in nature," he said. "The days of surpluses are gone,
and our current and projected budget situation has worsened
His comments came as the
Treasury Department on Wednesday reported
the deficit had reached $400.5 billion for the first
11 months of the 2003 budget year -- twice as much as for
the same period a year earlier.
Bush stance challenged
President Bush has blamed
the rise of deficits during his term on
the economic recession, the wars in Afghanistan and Iraq
and higher spending on domestic security -- not on the tax
reductions he championed.
Walker, a former Reagan administration official, said
Bush's explanations don't add up.
"It's true that
deficits are understandable and sometimes necessary
in times of recession and/or war," Walker said. "However,
while it may not seem like it to those who are out
of work or underemployed, we have not been in a recession
for almost two years."
Moreover, projected deficits
"far exceed the costs associated
with Iraq, the global war against terrorism and any
incremental homeland security costs," Walker said. "It is
time to admit we are in a fiscal hole and to stop digging."
Contacted after Walker's speech, White House spokeswoman
Claire Buchan, said Bush "believes that
returning the budget to balance is an
important priority." However, he must
focus right now on "economic security and waging the war
on terrorism," she said. "Those priorities are more important
at this point."
She said tax cuts were
needed because "it's important that we
make every effort to grow the economy, because a growing economy
will help reduce the budget deficit."
Stephen Moore, president of
the powerful tax-cut advocacy group Club
for Growth, said Congress' focus should be on reducing
spending. Economic growth will boost government revenues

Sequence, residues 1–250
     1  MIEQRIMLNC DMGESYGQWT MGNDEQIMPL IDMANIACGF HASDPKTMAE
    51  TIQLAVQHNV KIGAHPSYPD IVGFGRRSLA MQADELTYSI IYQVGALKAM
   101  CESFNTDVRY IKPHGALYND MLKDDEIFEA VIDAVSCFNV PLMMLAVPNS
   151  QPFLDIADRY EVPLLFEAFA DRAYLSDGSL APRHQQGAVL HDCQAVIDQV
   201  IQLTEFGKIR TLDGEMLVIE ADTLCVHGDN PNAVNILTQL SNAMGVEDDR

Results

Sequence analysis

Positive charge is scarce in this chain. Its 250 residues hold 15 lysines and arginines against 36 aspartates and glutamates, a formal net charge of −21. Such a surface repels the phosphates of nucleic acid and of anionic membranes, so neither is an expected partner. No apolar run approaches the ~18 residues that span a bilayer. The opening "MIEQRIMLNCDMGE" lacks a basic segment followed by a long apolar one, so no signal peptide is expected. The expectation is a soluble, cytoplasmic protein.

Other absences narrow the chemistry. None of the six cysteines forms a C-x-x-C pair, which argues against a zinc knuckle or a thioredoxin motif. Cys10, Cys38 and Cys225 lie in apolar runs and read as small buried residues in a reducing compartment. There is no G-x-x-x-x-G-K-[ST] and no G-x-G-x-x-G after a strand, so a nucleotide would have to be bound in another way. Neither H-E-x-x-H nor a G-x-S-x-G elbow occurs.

and "tax cuts are an important part of getting the economy
going again," he said. At the same time, "we need to
do something about this stampeding growth in spending."
A daunting reversal
After four straight years of
budget surpluses through 2001, the
government returned to deficit spending in 2002. The Congressional
Budget Office said last month that the federal
deficit would hit $480 billion next year, far exceeding
the previous record of $290 billion in 1992.
The CBO also predicted
annual budget shortfalls would total nearly
$1.4 trillion over the next decade, a stunning reversal
from the 10-year, $5.6 trillion surplus it forecast
Walker said even those
daunting figures do not convey the scope
of the problem, because conventional government accounting
leaves out the impact of benefits promised to Americans
under veterans' health programs, Social Security, Medicare and others.
amounts total tens of trillions of dollars,"
he said. "They are likely to exceed $100,000 in additional
burden for every man, woman and child in America today,
and these amounts are growing every day."
Walker said Congress must
make tough choices about both taxes and
On Capitol Hill and on the
campaign trail, Democrats have seized
upon the rising deficit to criticize Bush for his support
for massive tax cuts in 2001 and 2003.
Members of both major
political parties are expected to focus
on the deficit in the coming week as Congress considers
the president's request, made formally Wednesday, for
an additional $87 billion for military operations and rebuilding
in Iraq and Afghanistan.
Before becoming comptroller
general in 1998, Walker was a partner
and managing director in the Atlanta office of Arthur
Andersen LLP. The accounting firm unraveled in 2002 in
the wake of auditing scandals involving its clients Enron
Corp. and WorldCom.
Walker, in his speech, drew parallels between the federal government's
accounting problems and those that engulfed a number
of American companies in recent years.
accountability failures in the private sector serve
to reinforce the importance of proper accounting and reporting
practices," he said. "It is critically important that
such failures not be allowed to occur in the public sector."
Walker was appointed
comptroller general by President Clinton
and approved by the Republican-controlled Senate.
During the Reagan
administration, he was an assistant secretary
of labor. He said currently he is neither a Democrat
nor a Republican.
The comptroller general
serves a 15-year term and enjoys an exceptional
degree of independence.
Thomas Mann, a senior fellow
at the Brookings Institution, a
left-leaning think tank, said it is "perfectly appropriate"
for the comptroller to speak out about the deficit.
"Every serious policy
person recognizes we now face very serious
medium- and long-term deficit problems."
The Associated Press contributed to this
article. Find this article at: